Washington, D.C., has an endless supply of stupidity and truculence these days. Even with a government shutdown and the threat of default looming, we're in no danger of running out of bad faith and intellectual dishonesty.
One would think that even in these ideologically polarized times, there would be a tendency on the part of combatants to identify those areas where some agreement is possible and plant a flag of comity there.
Nothing brings people who would otherwise hate each other together better than cheering for the "home" team and its transplanted roster of millionaire players.
Every team has millions of fans spanning the political spectrum. These fans are united in their contempt for everything outside a very narrow set of tribal boundaries. This myopia is considered healthy and not to be politicized under any circumstance. The normal courtesies are checked at the door of the stadium for the sake of fan cohesion.
Both liberals and conservatives are proud members of the 79 percent of Americans who believe the Washington Redskins shouldn't change their name out of some misplaced sense of "political correctness."
Redskins fans are united in arguing that a nickname coined eight decades ago during the heyday of lynch mobs and a century after the infamous Trail of Tears has no racial overtones.
If anything, naming the franchise after a people who were driven close to extinction by savage acts of brutality by the federal government is a way of "honoring" the Native Americans' fierce legacy of being crushed by overwhelming odds. Sure, this makes all the sense in the world if you're a psychopath.
People who would come to blows over the symbolism of the Confederate flag in another context will join arms and walk in lockstep to defend the good name of the Washington Redskins from "haters" in the media like myself.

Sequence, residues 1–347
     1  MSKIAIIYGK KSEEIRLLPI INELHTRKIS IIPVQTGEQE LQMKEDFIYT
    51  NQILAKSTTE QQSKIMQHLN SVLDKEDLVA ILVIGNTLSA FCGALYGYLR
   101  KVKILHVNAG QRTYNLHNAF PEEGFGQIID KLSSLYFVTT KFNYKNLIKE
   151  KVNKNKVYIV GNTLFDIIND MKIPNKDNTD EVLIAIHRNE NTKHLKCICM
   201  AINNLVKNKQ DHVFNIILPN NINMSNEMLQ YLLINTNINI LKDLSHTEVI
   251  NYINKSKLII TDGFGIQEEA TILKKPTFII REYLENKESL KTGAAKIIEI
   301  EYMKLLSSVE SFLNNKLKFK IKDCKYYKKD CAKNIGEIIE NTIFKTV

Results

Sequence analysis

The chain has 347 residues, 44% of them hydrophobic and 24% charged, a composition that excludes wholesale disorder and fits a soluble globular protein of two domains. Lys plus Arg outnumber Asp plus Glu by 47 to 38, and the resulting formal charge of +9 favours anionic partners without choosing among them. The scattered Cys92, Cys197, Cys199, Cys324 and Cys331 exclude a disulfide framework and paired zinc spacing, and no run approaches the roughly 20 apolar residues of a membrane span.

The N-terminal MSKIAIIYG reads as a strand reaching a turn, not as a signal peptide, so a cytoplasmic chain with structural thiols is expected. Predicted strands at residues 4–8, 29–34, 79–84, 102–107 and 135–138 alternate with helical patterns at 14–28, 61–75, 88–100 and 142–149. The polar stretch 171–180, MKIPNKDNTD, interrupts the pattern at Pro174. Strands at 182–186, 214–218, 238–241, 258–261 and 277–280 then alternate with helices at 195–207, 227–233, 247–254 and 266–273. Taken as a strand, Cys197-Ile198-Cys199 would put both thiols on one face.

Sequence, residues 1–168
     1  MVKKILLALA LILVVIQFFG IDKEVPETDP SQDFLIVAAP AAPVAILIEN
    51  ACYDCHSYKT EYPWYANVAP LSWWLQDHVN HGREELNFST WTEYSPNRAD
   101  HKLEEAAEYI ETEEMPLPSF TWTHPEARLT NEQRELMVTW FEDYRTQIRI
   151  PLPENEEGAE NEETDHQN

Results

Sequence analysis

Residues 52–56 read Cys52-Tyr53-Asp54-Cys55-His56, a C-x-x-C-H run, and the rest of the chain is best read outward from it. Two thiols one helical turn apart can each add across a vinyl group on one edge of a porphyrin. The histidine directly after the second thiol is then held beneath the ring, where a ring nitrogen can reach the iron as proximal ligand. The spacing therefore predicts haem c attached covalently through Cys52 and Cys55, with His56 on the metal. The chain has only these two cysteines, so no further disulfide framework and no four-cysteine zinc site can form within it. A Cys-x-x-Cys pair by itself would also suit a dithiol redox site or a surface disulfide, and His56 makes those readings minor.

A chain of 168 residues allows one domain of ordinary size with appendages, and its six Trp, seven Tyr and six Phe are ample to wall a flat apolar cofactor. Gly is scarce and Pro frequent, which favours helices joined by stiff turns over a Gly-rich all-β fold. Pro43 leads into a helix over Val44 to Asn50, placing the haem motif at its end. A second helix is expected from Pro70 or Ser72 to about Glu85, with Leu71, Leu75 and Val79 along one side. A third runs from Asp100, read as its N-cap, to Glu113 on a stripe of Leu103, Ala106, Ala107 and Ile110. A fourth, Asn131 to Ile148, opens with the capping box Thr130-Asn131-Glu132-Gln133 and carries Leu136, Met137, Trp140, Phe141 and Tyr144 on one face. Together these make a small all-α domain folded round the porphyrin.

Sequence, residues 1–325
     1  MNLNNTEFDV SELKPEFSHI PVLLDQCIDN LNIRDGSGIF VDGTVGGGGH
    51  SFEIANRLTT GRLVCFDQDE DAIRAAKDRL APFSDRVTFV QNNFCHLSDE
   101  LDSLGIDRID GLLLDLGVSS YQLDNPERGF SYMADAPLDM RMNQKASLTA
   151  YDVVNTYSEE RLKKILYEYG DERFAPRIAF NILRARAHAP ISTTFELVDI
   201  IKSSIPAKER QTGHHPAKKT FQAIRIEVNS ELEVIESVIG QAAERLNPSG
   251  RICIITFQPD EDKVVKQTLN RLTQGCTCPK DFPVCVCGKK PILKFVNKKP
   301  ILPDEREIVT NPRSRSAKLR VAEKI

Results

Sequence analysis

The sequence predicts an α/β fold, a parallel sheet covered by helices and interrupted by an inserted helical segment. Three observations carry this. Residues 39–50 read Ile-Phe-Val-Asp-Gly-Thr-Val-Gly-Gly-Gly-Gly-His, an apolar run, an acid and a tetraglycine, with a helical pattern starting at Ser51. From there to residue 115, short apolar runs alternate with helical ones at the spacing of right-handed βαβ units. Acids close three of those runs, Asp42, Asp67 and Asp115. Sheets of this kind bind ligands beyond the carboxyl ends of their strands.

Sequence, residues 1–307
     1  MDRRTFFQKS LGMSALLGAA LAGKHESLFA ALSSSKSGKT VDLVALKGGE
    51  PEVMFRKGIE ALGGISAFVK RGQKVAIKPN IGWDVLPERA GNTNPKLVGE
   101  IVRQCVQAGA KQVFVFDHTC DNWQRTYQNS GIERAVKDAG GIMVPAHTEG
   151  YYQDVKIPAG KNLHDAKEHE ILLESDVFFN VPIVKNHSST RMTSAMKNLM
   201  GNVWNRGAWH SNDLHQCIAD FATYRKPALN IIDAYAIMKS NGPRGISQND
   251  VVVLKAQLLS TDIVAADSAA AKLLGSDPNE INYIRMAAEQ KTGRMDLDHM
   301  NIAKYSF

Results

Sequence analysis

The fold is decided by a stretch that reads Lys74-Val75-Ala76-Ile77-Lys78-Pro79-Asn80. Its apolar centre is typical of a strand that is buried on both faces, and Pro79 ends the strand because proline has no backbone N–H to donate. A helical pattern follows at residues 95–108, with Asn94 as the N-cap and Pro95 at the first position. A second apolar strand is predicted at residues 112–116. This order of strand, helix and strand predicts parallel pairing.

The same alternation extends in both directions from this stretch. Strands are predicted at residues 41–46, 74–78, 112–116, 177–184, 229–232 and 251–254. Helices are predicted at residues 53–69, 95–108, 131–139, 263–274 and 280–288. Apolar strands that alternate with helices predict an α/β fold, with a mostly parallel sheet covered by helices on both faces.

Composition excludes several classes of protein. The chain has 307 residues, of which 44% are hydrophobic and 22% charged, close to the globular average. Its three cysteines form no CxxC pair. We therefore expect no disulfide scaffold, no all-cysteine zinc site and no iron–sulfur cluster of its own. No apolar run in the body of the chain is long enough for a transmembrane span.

Of course, none of these people would ever dream of approaching a group of actual Native Americans to test the theory that "redskins" has been drained of its offensiveness by the franchise's 81 years of institutional indifference. Even diehard fans realize that addressing someone using a racial slur like redskin would be an appalling breach of etiquette.
In a recent letter to season ticket holders, Dan Snyder, the 47-year-old billionaire owner of the Washington Redskins, explained why the team wouldn't be changing its name anytime soon.
Instead of marshaling anything resembling an intellectual argument, Mr. Snyder penned a sentimental piece that evoked an afternoon in 1972 when the 6-year-old version of himself spent his first afternoon with his father at RFK Stadium cheering the team he would own one day.
"The tradition -- the song, the cheer -- it mattered so much to me as a child, and I know it matters to every other Redskin fan in the D.C. area and across the nation," Mr. Snyder wrote.
"We'll never change the name. It's that simple. NEVER," he told USA Today in May. He insisted that the paper capitalize never.
I suppose we should be grateful that there is no Washington Redskins equivalent of Al Jolson who gets down on one knee to sing "My Mammy" with every touchdown, or we would be stuck with that abomination, too.
The gist of Mr. Snyder's defense of the continued use of a name that even he wouldn't use in mixed company is that it has been ratified by time and eight decades of tradition. By his logic, the best time to have rejected the name would have been when America was officially a racist nation 81 years ago -- not now when we've evolved in our understanding of what constitutes an insult to an entire people.
Now, we're supposed to believe we're stuck with the old name because football fans in the D.C. area are too lazy, morally oblivious and sentimental to adjust to something less derogatory. It did not help that President Barack Obama recently opined that if he were the owner of the Redskins, he would think seriously about changing the name. That stiffened the spine of those who embrace Lost Causes laced with gauzy smatterings of racism.
Imagine NFL franchises with names like the Seattle Sambos, the Carolina Kikes and the Milwaukee Wops. You can't? Well, the name Washington Redskins should be inscribed on that list, too.
Tony Norman: email@example.com, 412-263-1631 or on Twitter @TonyNormanPG. First Published October 14, 2013 8:00 PM